The pore space of deep saline aquifers in the Alberta (sedimentary) Basin offers a significant volume for waste storage by “hydrodynamic trapping”. Furthermore, given the slow regional fluid flow in these deep saline aquifers, ample time exists for waste-water/rock chemical reactions to take place. A geochemical computer model (PATHARC) was used to compute the interaction of industrial waste streams comprising CO2, H2SO4 and H2S with the minerals in typical carbonate and sandstone aquifers from the Alberta Basin. The results support the idea that these acids can be neutralized by such reactions and that new mineral products are formed, such as calcite, siderite, anhydrite/gypsum and pyrrhotite, thereby trapping the CO3, SO4 and S ions that are formed when the acid gases dissolve in the formation water. Siliciclastic aquifers appear to be a better host for “mineral trapping” than carbonate aquifers, especially with regard to CO2. Carbonate aquifers may be more prone to leakage due to high CO2 pressures generated by reaction with H2SO4 and H2S. Even though permeability decreases are expected due to this “mineral trapping”, they can be partially controlled so that plugging of the aquifer does not occur.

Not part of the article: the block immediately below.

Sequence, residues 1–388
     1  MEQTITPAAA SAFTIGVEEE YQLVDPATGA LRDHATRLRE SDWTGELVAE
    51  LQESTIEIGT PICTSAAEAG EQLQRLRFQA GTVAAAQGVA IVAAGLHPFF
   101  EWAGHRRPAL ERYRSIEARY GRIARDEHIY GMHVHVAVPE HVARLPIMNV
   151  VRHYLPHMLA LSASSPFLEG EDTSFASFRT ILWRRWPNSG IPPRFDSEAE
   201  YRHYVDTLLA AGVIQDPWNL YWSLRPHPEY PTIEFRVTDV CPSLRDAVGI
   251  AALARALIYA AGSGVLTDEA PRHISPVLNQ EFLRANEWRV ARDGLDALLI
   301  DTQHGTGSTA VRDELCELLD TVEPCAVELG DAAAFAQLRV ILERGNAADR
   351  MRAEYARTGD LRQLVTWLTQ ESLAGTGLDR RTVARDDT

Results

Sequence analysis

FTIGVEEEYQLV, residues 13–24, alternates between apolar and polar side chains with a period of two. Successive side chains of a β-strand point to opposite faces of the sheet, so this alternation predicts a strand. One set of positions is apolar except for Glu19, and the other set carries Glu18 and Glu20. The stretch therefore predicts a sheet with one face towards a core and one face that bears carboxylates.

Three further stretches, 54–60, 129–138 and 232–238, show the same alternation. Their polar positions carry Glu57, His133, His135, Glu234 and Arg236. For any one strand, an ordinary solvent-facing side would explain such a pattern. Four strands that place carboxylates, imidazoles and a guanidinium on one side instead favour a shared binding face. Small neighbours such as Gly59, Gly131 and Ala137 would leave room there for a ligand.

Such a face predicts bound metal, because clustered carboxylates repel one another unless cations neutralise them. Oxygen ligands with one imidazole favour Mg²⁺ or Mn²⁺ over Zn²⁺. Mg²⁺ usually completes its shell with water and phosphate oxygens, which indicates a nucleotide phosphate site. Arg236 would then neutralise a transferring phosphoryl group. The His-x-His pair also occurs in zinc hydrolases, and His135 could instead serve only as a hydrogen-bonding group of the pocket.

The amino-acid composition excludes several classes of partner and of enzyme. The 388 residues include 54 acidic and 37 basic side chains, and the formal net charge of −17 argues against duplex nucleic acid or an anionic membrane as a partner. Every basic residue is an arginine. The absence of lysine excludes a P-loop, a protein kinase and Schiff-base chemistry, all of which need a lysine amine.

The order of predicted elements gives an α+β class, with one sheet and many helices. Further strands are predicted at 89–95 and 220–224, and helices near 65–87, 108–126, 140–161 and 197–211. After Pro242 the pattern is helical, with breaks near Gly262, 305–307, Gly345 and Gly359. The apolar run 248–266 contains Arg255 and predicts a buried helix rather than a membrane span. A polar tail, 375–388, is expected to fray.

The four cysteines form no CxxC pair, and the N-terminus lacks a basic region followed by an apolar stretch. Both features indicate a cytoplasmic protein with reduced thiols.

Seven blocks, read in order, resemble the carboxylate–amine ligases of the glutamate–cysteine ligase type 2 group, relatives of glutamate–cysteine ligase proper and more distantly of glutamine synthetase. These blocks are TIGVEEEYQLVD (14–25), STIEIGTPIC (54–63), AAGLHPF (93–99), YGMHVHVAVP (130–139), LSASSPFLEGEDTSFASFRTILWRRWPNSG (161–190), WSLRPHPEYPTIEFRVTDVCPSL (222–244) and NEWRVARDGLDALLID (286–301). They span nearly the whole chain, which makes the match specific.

Distribution of arsenic and nickel in uranium mill tailings, Rabbit Lake, Saskatchewan, Canada by R Donahue; M.J Hendry; P Landine (1097-1119).